Seeing the Trees for the Forest
Stepping back from the details to large sections of forest can be much more difficult photographically. The woods are full of chaos. There is often too much happening to effectively isolate a clean and interesting composition.
This is where perspective matters. In the previous section about details, I suggested looking for the single element that will tell the viewer a bit about the place. Here, when trying to go a bit bigger, to show more of the forest landscape, you’ll want to keep those details in mind.
In the woods, find a detail, a branch, flower, or leaf that you find compelling and that is lit well. Then, using a wide-angle lens, allow your focus to fall on your detail, while also showing the surroundings.
This is standard practice in many types of landscape photography but in the woods the method is complicated by having to find the right combination of pleasing subject or forest detail and a background that provides a wider perspective on the forest.
This is tricky stuff, but can be an enjoyable challenge in composition. Images that show off the forest in all its glory, while retaining the fine details of the place are some of my favourite woodland images.
The Rare View
When the forest opens up, we are offered a rare chance to see a broad landscape of trees. These images blur the line between open landscape and forest landscape, but the composition holds some challenges not usually encountered in more open country.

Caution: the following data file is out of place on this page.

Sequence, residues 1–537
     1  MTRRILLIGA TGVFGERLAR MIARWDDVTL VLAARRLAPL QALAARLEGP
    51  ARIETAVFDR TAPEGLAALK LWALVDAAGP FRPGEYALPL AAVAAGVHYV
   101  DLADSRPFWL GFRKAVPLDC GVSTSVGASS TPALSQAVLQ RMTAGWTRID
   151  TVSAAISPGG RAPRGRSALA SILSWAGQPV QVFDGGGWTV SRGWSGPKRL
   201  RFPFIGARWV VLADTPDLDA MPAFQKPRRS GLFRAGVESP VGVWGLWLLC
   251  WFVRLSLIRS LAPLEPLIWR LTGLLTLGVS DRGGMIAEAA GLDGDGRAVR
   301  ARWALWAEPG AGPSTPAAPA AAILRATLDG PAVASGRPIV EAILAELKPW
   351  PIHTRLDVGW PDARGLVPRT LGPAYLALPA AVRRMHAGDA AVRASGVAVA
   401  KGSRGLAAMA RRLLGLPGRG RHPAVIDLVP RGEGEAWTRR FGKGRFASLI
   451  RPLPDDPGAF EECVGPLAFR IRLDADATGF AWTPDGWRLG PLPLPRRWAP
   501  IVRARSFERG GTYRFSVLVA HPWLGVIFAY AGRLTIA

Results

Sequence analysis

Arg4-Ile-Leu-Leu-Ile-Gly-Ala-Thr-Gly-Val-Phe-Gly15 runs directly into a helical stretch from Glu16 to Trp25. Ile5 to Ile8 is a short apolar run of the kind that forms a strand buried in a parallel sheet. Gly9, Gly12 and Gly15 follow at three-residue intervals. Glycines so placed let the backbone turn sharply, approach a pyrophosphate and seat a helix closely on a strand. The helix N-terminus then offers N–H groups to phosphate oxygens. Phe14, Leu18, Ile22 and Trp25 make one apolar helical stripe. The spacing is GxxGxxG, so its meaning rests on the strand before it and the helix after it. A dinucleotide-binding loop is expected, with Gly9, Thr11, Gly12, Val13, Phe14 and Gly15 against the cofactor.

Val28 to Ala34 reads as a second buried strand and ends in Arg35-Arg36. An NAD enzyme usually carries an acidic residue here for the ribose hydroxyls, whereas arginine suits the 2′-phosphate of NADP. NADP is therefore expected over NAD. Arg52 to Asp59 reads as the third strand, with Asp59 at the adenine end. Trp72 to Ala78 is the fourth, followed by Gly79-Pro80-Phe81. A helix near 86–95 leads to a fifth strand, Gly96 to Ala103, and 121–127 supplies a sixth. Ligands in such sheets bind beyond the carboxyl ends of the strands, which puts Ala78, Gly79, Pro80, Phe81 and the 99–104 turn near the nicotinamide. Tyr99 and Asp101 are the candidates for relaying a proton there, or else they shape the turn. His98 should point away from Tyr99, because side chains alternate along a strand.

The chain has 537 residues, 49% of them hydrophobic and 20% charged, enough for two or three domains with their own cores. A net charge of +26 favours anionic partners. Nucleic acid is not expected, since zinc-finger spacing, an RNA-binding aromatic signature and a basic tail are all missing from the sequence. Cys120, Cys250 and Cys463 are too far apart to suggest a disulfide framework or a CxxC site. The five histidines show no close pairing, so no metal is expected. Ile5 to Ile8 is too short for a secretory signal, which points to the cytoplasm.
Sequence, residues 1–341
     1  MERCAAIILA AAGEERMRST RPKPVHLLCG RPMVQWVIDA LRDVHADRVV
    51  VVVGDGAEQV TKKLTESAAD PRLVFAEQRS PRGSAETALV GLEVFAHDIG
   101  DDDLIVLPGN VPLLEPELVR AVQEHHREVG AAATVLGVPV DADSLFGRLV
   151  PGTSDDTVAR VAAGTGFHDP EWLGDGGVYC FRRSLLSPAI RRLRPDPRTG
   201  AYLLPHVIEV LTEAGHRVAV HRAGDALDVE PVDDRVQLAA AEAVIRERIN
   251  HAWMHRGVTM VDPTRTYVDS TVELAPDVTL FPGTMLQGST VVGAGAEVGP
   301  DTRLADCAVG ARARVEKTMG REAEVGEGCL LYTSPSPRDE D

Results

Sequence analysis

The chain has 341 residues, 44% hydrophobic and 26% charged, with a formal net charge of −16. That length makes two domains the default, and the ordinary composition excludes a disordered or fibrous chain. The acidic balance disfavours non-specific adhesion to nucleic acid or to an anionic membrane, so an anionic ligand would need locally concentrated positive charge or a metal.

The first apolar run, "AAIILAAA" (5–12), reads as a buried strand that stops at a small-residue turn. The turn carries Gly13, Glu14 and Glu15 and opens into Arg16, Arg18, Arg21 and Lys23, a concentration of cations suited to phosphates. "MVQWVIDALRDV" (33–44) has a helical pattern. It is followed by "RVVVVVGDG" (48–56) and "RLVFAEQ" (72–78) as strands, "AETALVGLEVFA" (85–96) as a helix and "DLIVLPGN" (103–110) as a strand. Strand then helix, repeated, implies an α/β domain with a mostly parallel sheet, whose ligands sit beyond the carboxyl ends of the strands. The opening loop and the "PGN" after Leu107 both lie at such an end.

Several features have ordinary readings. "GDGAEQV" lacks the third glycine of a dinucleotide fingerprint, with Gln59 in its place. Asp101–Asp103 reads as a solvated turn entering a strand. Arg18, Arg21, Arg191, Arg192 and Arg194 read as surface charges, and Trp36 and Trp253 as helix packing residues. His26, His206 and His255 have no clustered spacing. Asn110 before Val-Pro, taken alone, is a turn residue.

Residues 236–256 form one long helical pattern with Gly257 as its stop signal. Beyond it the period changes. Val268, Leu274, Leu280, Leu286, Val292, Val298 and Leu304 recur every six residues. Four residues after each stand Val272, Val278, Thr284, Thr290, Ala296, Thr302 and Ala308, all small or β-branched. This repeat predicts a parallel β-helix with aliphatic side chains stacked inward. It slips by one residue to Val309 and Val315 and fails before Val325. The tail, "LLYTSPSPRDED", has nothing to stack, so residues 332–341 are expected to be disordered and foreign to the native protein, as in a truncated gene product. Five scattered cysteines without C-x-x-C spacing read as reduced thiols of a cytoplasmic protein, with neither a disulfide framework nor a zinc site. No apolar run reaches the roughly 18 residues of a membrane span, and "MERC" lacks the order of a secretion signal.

Tight and wide-angle compositions are both options in these scenarios. A wide scene might provide a sense of scale, the drama of a seemingly endless patch of forest. But the composition can become challenging, perhaps showing too much of the nearby surroundings, and reducing the impact of the scale.
A telephoto image, on the other hand, has the advantage of isolating the scene from the surrounding chaos and allowing a clean composition.
There isn’t a right or wrong way to make these images. What will work and what won’t depends entirely on the scene at hand. Experiment with multiple focal lengths and see what works, but keep in mind the story of the forest, and where you are. Make an effort to tell that story by providing context in your images.